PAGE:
Richard Matthews Hallet became one of the most prolific contributors to The Saturday Evening Post quite by accident, due largely to what he called the “the few seconds of any man’s life that are actually pivotal” and the exploits of a family ancestor who survived a shipwreck and harrowing sea-borne trials.
A native of Bath, Maine, a shipbuilding mecca in the 19th century, and freshly graduated from Harvard Law School, Hallet went to sea in 1911 in hopes of visiting the site of an uncle’s shipwreck in the Marshall Islands.
He never reached the vast archipelago of islands and atolls then, but did travel by foot, canoe, and any other means of transport through the wilds of Australia — “on the wallaby” as they say — and began to write stories, first published in a Melbourne newspaper.
Headed back to the United States to report to a New York law firm in 1912, he worked as a stoker in the boiler room of a large steamship, Orvieto. Arriving in London, he wrote a short story about his experience, and mailed it off to The Saturday Evening Post.
Hallet’s story, “The Black Squad,” described “the literal hell of a life [he] led in the boiler room — I saw black, thought black, spit black, the base of my brain was enclosed in a black fog” — with an abrasive crew of misfits and “the impenetrable wall between firemen and first-class passengers.” A noted preacher told the April 17, 1915, Bath Independent that every clergyman should read the story to strengthen “their conception of hell’s fire.”
Several months later, having returned from London and days away from reporting to the New York law firm, Hallet visited his family in Cambridge, Massachusetts and found a letter from the editor of The Saturday Evening Post, George Horace Lorimer, offering him $250 for the story. ($250 in 1912 would equal approximately $7,000 in 2022).
Although Hallet later insisted that the sinking of the Titanic in April that year had spiked interest in “ocean greyhounds,” he resolved then and there that “literature, not law, was his game,” according to a profile of Hallet by Richard Cary in the June 1967 Colby Library Quarterly. He never reported to the law firm.
Hallet then proceeded on a life of adventure and writing – working in copper mines in Arizona, lumber mills in Canada, and as a maritime officer on warships crossing the Atlantic with soldiers and horses during World War I in the face of German U-boats. All the while, he submitted short stories and an occasional article to the leading magazines of the day, including The Saturday Evening Post, Harper’s, Collier’s, The Atlantic, and others. He was being published more and more frequently.
Hallet, whose literary heroes were Joseph Conrad, Jack London, and Willa Cather, first came to national attention in 1916 when his “Making Port” was selected as one of The Best Stories of 1916 by the anthologist Edward J. O’Brien. O’Brien, in fact, termed it the best short story of the year — out of 2,500 he reviewed. Like many of his tales, “Making Port” was drawn from Hallet’s personal experience about an old salt Hallet encountered during his very first shipboard adventure, a romantic but unlucky seaman who always seemed to choose the wrong ship in a long, Sisyphean struggle to return home to Liverpool.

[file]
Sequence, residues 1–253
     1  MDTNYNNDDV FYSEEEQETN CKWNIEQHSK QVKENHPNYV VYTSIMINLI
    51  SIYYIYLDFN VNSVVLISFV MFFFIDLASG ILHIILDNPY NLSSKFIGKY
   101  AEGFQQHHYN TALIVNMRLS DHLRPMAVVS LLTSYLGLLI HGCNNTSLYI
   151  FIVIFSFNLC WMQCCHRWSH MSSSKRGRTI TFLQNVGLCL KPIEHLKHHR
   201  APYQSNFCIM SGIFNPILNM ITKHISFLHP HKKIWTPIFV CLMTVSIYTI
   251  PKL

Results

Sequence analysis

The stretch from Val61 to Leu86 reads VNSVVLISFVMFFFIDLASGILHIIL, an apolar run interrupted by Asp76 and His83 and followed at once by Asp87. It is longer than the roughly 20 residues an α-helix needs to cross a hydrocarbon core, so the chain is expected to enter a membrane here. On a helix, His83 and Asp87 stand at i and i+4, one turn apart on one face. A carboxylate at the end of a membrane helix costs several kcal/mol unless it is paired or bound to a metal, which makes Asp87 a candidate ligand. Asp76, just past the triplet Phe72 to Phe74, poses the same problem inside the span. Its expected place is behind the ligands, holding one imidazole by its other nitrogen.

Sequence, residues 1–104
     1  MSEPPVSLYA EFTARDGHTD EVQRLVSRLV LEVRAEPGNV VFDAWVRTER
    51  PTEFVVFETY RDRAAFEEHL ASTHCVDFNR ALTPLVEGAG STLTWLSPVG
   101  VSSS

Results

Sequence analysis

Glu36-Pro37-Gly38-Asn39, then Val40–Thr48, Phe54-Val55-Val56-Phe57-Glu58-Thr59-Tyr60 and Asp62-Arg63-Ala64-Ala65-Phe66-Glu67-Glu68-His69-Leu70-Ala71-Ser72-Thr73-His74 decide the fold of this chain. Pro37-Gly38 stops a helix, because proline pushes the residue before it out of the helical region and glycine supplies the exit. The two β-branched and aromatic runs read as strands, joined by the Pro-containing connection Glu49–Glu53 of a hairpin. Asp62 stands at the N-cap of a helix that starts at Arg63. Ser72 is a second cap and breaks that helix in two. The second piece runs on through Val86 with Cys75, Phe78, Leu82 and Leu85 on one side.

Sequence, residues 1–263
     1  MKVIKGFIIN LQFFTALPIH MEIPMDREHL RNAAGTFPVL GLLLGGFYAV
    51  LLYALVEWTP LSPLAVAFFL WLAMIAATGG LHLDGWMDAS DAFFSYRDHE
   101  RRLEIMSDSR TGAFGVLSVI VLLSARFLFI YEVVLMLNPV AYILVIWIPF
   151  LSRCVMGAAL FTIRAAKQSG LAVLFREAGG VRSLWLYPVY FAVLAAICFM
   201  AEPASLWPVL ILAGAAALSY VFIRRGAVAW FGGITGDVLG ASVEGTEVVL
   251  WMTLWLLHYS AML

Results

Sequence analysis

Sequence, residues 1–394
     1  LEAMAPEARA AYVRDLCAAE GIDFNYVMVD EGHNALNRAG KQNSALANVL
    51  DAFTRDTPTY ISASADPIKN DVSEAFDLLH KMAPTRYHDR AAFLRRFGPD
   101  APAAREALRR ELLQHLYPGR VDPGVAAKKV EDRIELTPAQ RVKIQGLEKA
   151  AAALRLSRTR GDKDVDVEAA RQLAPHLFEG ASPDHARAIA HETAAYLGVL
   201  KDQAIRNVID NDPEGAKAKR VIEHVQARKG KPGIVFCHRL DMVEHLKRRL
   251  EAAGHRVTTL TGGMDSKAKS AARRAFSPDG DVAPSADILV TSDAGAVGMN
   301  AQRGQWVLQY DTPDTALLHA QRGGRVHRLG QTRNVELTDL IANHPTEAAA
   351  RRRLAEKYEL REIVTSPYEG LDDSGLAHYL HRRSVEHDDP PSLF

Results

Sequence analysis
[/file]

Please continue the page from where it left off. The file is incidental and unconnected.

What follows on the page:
O’Brien, who said in the introduction to his short story collection that he preferred stories that “rendered life imaginatively in organic substance and artistic form,” praised the “subtlety of [Hallet’s] substance as lucidly conveyed through deft characterization, clearly revealed atmosphere and richly colored speech. The story ranks with the best of Conrad.”
Other contributors to that 1916 collection included Robert Frost, Sherwood Anderson, Edith Wharton, and Theodore Dreiser. Critics then and later often drew favorable comparisons of Hallet’s writing to Conrad, London, Herman Melville, and Stephen Crane.
Hallet wrote more than 200 short stories in a long career (65 for the Post), five novels, and an entertaining autobiography, The Rolling World, published by Houghton Mifflin in 1938. Most of his fiction portrayed vivid tales of the sea, often built around shipboard tensions, and tales of Maine and New England and their small-town values and rivalries.
He served as an editorial writer and foreign correspondent for Maine newspapers later in life and campaigned for establishment of the Maine Maritime Academy in Castine, Maine, today one of the leading such institutions of its kind.
Hallet eventually reached the Marshall Islands at the end of World War II and wrote an article for the Post, “My Uncle’s Footprints” (March 30, 1946).
I was encouraged by Hallet to look into journalism and a career in writing when I myself was in law school and became a foreign correspondent and editorial writer for The Baltimore Sun. It took some time, but this collection is my opportunity to repay Richard Hallet, (my mother’s first cousin) for his sage counsel in pointing me towards a reasonably successful career in journalism and writing. This year, I chose 18 of Hallet’s stories and articles for Beyond the Tides, published by Down East Books. (Seven are from the Post).
My son, Alexander Jackson Hill, and I also published A Flick of Sunshine; The Remarkable Shipwrecked, Marooned, Maritime Adventures and Tragic Fate of an American Original (Lyons Press), which is the engaging tale of the shipwreck and survival of Hallet’s uncle and muse, Will Jackson, whose exploits in the Pacific he had grown up reading about as a child.
Frederic B. Hill was a foreign correspondent for The Baltimore Sun in Europe and Africa; then foreign affairs director to Sen. Charles “Mac” Mathias (R., MD) and later organized wargaming exercises on national security issues for the Department of State. He is the author or editor of six books on Maine shipbuilding history, American politics and newspapers.
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